Networking While Traveling: Part 2 – Prospects & Clients

Sellers nowadays are on the move. Those in B2B solution sales are hitting the road or hopping airplanes an average of one to two weeks each month for client meetings. Even inside sellers are stepping out more often to visit key contacts.

As mentioned in Part 1 of this series (about tradeshows), increased travel means more opportunities to network. In this case, our focus is clients and prospects.

With some simple strategizing, you can optimize your relationship building wherever you go, be it 500 miles away or five miles from your office.

Locate your opportunities

The first step to better networking is to plan in advance. Before traveling:

  • Check your database to see who else is in that locale.
  • Ask your client to recommend someone else you should meet.
  • Look at associations you belong to – or should belong to – and find meetings that fit your schedule.
  • Research your destination’s business journal or Chamber of Commerce website for lunch/dinner events you can attend to network.

For example, when I was with PSS Software (now OpenText) we belonged to the American Records Management Association   ̶   today ARMA International. Whenever I headed to Houston, I scheduled client meetings around the ARMA chapter gatherings so I could network with new members and prospect. At one particular gathering, I met a buyer from an oil company I’d never heard of. My team later ended up closing a $150,000 contract with this prospect.

LinkedIn also helps to locate networking opportunities. Search for contacts in your destination. Send a message that you’ll be in town and request to meet up.

I always find people are more likely to meet me  ̶  and keep appointments ‒ because I’m from out of town versus a local they can see any time. (And, in reverse, by having clients elsewhere I’m seen as more of an expert in my own market!)

Even if a person doesn’t become a client, they can still point you to other prospects and act as a referral. And, if you can help them as well, this earns you Brownie points and future opportunities to exchange information.

Follow the ratio

When scheduling meetings ahead of travelling, keep 3:1 in mind: Three qualified leads for every client. By having three prospects in the pipeline, chances are you’ll close on at least one of them.

A new coaching customer of mine with a very small territory said she needed to grow $110,000 to $250,000 this year. Aside from seeing all her clients, I recommended the 3:1 ratio. That way, she’d always have a new sale and an existing sale on every trip, which is double what her territory earned last year. Now she’s on track to hit this year’s quota.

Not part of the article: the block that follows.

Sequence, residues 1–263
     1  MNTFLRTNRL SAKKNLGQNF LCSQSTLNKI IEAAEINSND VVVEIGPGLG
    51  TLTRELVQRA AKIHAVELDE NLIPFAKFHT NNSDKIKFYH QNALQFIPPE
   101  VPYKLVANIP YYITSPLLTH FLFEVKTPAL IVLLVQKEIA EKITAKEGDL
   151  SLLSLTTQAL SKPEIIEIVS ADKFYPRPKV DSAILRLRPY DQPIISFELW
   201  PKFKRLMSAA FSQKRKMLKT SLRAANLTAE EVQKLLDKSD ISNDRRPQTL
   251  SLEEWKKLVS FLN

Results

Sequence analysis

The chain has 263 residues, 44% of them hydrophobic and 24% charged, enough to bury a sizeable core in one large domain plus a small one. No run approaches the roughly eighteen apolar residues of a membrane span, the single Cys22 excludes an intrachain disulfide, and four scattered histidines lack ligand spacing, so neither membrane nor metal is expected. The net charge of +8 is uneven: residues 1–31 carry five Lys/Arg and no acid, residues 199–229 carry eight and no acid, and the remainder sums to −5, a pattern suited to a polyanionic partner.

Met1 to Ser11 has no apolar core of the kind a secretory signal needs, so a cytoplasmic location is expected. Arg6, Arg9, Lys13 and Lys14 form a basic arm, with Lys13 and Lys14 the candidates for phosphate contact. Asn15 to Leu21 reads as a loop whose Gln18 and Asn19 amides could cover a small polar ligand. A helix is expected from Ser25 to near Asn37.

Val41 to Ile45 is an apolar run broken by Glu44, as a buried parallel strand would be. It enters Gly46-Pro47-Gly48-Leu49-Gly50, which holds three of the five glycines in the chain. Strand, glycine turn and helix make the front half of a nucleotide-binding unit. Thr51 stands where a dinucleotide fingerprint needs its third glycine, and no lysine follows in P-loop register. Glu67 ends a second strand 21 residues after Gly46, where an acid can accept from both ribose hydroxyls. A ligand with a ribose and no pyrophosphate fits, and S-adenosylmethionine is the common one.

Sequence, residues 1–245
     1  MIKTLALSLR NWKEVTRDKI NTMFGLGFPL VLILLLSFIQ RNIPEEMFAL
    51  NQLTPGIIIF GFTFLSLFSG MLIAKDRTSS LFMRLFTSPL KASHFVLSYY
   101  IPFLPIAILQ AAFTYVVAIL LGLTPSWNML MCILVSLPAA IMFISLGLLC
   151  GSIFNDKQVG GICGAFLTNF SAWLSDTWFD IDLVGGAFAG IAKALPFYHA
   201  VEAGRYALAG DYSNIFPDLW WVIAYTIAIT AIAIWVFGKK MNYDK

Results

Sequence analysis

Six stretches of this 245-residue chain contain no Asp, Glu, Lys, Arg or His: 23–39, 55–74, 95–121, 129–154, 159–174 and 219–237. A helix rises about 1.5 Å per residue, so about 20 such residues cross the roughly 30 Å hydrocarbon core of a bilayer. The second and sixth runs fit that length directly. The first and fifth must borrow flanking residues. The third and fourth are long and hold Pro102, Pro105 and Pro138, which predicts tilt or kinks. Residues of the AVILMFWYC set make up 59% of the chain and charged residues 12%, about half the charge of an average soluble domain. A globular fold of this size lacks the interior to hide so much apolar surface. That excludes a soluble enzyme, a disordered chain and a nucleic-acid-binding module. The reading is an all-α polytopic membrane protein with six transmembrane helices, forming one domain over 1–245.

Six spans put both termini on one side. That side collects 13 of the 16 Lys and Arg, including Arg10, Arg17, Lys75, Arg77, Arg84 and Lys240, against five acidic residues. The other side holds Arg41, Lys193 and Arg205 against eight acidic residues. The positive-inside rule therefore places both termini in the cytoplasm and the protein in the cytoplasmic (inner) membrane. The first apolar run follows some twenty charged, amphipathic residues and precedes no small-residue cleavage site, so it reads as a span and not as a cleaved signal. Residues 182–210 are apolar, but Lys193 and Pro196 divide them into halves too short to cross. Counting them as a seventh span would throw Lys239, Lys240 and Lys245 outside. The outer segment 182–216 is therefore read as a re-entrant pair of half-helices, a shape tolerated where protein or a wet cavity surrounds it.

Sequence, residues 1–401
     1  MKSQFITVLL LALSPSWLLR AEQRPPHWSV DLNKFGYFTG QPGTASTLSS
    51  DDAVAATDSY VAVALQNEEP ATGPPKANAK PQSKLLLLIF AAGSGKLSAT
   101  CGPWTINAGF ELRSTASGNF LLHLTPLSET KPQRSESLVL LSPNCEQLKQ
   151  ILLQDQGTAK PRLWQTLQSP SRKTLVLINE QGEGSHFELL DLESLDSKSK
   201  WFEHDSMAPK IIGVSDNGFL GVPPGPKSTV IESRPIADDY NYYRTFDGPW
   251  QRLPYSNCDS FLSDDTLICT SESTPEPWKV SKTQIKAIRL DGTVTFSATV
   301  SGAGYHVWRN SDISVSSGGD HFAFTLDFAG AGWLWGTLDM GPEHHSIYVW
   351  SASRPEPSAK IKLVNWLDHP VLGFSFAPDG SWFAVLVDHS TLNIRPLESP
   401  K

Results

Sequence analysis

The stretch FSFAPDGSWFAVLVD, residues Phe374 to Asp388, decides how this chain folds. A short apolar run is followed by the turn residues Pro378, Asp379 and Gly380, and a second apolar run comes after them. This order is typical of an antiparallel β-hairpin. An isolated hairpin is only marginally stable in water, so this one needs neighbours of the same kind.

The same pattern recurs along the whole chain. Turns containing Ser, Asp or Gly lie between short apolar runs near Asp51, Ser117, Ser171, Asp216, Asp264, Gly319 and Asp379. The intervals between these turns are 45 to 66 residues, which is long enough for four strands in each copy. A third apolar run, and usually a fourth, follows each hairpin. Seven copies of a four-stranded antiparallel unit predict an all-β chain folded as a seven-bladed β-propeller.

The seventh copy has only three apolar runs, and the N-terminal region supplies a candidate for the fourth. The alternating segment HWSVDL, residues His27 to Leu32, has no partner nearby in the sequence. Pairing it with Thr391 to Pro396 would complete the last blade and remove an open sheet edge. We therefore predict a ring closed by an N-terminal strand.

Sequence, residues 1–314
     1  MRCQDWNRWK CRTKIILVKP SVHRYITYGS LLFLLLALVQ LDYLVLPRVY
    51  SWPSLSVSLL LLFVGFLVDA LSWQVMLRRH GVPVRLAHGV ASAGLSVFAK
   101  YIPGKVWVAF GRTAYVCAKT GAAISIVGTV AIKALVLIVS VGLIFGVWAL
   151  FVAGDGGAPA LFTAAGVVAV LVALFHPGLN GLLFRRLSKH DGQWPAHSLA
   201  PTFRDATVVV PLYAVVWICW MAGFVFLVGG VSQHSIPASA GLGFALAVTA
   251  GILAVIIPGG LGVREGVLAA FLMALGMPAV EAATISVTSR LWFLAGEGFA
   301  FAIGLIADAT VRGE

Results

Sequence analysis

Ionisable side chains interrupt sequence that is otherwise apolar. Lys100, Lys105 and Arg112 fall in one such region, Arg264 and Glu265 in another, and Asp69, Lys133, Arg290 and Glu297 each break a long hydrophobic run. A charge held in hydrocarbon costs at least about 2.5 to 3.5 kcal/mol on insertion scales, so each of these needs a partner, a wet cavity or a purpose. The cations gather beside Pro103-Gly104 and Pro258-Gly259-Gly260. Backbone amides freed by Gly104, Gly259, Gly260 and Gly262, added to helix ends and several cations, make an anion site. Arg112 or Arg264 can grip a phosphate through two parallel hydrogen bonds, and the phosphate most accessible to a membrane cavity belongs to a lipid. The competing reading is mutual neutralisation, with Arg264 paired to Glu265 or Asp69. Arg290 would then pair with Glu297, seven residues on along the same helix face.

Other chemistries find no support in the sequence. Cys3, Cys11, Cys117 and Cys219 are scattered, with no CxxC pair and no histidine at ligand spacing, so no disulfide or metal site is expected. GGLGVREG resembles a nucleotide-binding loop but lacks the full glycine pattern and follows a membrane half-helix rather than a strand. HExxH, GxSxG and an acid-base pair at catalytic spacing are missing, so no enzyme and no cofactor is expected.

Optimize travel time

As mentioned in Part 1 of this series, take car services or taxis whenever possible instead of driving yourself. How does this maximize networking?
It allows you to:

  • Make calls, set up and confirm appointments, and plan for meetings. Also, it’s easier to spot signs for businesses that could be future clients.
  • Skip the traffic battles and arrive on time and refreshed. Being frazzled impacts your networking. You’re more likely to complain about your negative experience, which prospects definitely don’t want to hear!

If you’re flying and it’s just for one day, try to book an extra night’s stay. For example, I’ll spend that whole first day working with clients and prospects. The second day I’ll network with influencers, new leads and attend a local breakfast/lunch event for an association before leaving.

If you can’t do two nights, then avoid the stress of flying in the day of your meeting. Arrive the day before, attend an after-work or dinner networking event, and then spend the next full day working with clients and prospects before heading back.

Also, make use of that in-air time to take care of your work so you’re focused on the client/prospects when you arrive.

Know your own customers

Don’t forget networking opportunities with your existing clients. If you’ll be visiting, ask for introductions to their colleagues. Have them invite someone new to your meeting – like their “Number 2” and “Number 3” person. If your request for introductions is turned down, ask your client if you can make calls to arrange quick meet-and-greets since you’ll be on site. You want to meet someone new on each trip so you’re constantly building out your network of people inside the company.

One of our clients was in town taking a buyer to lunch and asked, “Who else in the company is using the software we installed?” Turned out it was the legal department. The seller requested inviting one of its key people to lunch. The result? He met the chief legal counsel and built a relationship that led to referrals to the company’s overseas divisions and partners.

In addition to finding these kinds of opportunities with your own clients, you’re also creating security. The more known you are to the company’s employees, the more valued you’ll be  ̶  therefore more solid in your business relationship. And, if one of your contacts leaves for a different company, you’ll have a new networking opportunity.

Keep the ball rolling

When meeting with a prospect be sure to carve out the next steps. That way, it won’t come as a surprise when you follow up. For example, tell them you want to give some thought to the ideas shared. Ask if it’s okay to send an e-mail in the next few days.

And finally, be sure to send a thank-you note. Ideally it should be handwritten, but an e-mail also works. Let the prospect know you appreciated meeting with them while you were in town. This will show you’re dedicated to building a future relationship with them.